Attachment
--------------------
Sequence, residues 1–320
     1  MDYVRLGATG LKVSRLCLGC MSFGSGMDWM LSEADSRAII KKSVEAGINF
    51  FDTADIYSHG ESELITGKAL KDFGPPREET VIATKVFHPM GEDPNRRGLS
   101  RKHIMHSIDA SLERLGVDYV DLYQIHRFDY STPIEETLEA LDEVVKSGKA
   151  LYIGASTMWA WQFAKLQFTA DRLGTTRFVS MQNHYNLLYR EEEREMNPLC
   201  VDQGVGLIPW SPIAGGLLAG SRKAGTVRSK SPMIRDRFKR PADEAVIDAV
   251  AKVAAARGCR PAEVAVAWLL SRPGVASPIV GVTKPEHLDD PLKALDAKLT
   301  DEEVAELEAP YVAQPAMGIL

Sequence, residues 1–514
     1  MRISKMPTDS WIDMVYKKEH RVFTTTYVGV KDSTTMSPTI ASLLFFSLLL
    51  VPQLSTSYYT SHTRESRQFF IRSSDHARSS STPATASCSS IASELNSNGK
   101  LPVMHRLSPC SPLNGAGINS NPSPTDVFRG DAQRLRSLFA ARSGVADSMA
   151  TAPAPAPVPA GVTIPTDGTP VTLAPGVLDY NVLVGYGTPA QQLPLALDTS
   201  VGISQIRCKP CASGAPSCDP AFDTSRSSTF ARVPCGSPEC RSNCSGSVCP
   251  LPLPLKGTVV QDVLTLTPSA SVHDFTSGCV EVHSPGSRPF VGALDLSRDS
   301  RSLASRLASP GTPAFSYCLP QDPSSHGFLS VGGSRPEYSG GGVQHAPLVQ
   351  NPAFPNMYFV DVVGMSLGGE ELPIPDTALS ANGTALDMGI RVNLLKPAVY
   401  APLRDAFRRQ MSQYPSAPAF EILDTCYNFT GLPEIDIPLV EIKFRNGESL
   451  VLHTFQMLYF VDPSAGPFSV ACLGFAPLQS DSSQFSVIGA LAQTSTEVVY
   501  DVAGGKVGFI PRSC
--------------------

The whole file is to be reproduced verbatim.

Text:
Sequence, residues 1–320
     1  MDYVRLGATG LKVSRLCLGC MSFGSGMDWM LSEADSRAII KKSVEAGINF
    51  FDTADIYSHG ESELITGKAL KDFGPPREET VIATKVFHPM GEDPNRRGLS
   101  RKHIMHSIDA SLERLGVDYV DLYQIHRFDY STPIEETLEA LDEVVKSGKA
   151  LYIGASTMWA WQFAKLQFTA DRLGTTRFVS MQNHYNLLYR EEEREMNPLC
   201  VDQGVGLIPW SPIAGGLLAG SRKAGTVRSK SPMIRDRFKR PADEAVIDAV
   251  AKVAAARGCR PAEVAVAWLL SRPGVASPIV GVTKPEHLDD PLKALDAKLT
   301  DEEVAELEAP YVAQPAMGIL

Sequence, residues 1–514
     1  MRISKMPTDS WIDMVYKKEH RVFTTTYVGV KDSTTMSPTI ASLLFFSLLL
    51  VPQLSTSYYT SHTRESRQFF IRSSDHARSS STPATASCSS IASELNSNGK
   101  LPVMHRLSPC SPLNGAGINS NPSPTDVFRG DAQRLRSLFA ARSGVADSMA
   151  TAPAPAPVPA GVTIPTDGTP VTLAPGVLDY NVLVGYGTPA QQLPLALDTS
   201  VGISQIRCKP CASGAPSCDP AFDTSRSSTF ARVPCGSPEC RSNCSGSVCP
   251  LPLPLKGTVV QDVLTLTPSA SVHDFTSGCV EVHSPGSRPF VGALDLSRDS
   301  RSLASRLASP GTPAFSYCLP QDPSSHGFLS VGGSRPEYSG GGVQHAPLVQ
   351  NPAFPNMYFV DVVGMSLGGE ELPIPDTALS ANGTALDMGI RVNLLKPAVY
   401  APLRDAFRRQ MSQYPSAPAF EILDTCYNFT GLPEIDIPLV EIKFRNGESL
   451  VLHTFQMLYF VDPSAGPFSV ACLGFAPLQS DSSQFSVIGA LAQTSTEVVY
   501  DVAGGKVGFI PRSC